We Interview New Inheritance Artist Marco Roblin

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Marco Roblin

 

 

Shortly after the release and success of Inheritance artist and co-creator James Burton decided to quit the series to pursue other projects. Writer and co-creator James D Schumacher III wanting to continue the series would have to put those plans on hold. That is until now. After an extensive search, James has brought on the very talented Marco Roblin.

Marco was born in Chile on March the 13th, 1976. He was raised in Panamá, then in Argentina until around his 30’s then finally met the love of my life in Chile again, where he lives currently with his little girls. Marco has been drawing from a young age. After he had graduated art school, he came across the opportunity to do some concept art. After that, he started to send portfolios everywhere and got his first comic gig to work on a graphic novel about Harry Houdini and his friendship with Sir Arthur Conan Doyle with a superb supernatural setting; it was called The Edge of the Unknown. He several projects after that but nothing published so he decided to improve/practice the best he could to be ready for upcoming projects. Finally, he has some that are starting to look amazing and hopefully will be printed around 2017.

All of the art featured in this article is original art by Marco Roblin and is not preview art for the Inheritance comics.

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How did you and James become creative partners?

I answered to and ad seeking artist and he replied, at that point was something standard…but then he wanted to Skype as soon as we could, and that’s when things turn out for the best! That moment when you realise that the person you’re talking “face to face” and you got a lot in common regarding many things but mostly since it was a “job interview” you’re having a great time…that moment right there seems like you know each other for several years. Well, you can’t get more partners than that at that point and now we’re on a creative journey, so that’s awesome!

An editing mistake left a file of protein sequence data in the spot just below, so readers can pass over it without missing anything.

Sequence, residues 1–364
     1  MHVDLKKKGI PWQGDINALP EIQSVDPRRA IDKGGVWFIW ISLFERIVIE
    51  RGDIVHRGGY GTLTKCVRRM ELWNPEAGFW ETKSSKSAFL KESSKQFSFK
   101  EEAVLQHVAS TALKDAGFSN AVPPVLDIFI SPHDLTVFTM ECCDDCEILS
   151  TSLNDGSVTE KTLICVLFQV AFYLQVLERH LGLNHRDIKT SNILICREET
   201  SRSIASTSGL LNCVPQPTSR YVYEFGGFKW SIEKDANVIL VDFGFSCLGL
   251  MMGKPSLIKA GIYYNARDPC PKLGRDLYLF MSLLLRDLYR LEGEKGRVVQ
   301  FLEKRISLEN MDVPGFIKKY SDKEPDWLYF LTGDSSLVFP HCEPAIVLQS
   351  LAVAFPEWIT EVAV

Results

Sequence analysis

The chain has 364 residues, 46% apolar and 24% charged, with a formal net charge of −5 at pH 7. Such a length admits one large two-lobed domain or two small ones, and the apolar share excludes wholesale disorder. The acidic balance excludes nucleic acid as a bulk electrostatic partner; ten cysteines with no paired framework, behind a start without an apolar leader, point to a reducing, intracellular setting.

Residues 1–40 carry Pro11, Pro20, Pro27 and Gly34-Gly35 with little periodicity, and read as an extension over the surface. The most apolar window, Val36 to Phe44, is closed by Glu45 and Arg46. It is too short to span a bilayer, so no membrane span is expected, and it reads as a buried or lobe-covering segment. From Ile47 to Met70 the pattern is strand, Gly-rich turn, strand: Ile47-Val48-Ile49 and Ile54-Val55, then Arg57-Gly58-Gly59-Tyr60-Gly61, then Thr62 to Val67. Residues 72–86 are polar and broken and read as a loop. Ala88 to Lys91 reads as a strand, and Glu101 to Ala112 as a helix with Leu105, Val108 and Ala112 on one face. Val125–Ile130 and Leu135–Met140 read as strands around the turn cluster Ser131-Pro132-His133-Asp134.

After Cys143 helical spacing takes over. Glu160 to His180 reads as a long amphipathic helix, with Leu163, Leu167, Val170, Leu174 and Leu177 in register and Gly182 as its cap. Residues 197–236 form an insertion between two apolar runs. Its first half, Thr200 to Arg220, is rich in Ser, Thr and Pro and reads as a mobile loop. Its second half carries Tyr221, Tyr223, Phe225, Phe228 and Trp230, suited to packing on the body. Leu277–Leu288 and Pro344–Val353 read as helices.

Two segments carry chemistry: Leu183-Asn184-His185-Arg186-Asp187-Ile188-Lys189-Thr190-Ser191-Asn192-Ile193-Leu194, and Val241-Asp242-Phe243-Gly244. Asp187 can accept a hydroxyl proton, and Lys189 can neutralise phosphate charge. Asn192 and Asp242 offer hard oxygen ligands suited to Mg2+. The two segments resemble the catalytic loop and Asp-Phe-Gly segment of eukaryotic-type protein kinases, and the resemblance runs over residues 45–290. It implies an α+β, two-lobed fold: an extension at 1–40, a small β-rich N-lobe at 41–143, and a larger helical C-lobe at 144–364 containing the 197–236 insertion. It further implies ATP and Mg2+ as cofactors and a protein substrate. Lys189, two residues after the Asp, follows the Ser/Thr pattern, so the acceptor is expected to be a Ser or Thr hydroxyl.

How did you become a fan of comics and how did you start your career?

Back in Argentina, when I was around 12 I got my hands on one of my first comics. I used to borrow some from friends, but by that time got my own collection. There were some X-Men from Chris Claremont and Jim Lee and a few AKIRA issues in English, but that didn’t stop us (me and my friends) from “reading” the way we wanted. Since then, we started collecting as much we could and keep a giant pot at a friend’s house, that was the easiest way to read/see many in one sitting. Also, I remember some special days when someone added more issues to the collective collection! I’ve been drawing from early childhood and after my encounter with comics switched from drawing what I saw on TV to draw character poses and “panels”. That went on for a few years until I graduated from Art school and then I switched completely to comics because I wanted storytelling and draw sequences more than anything.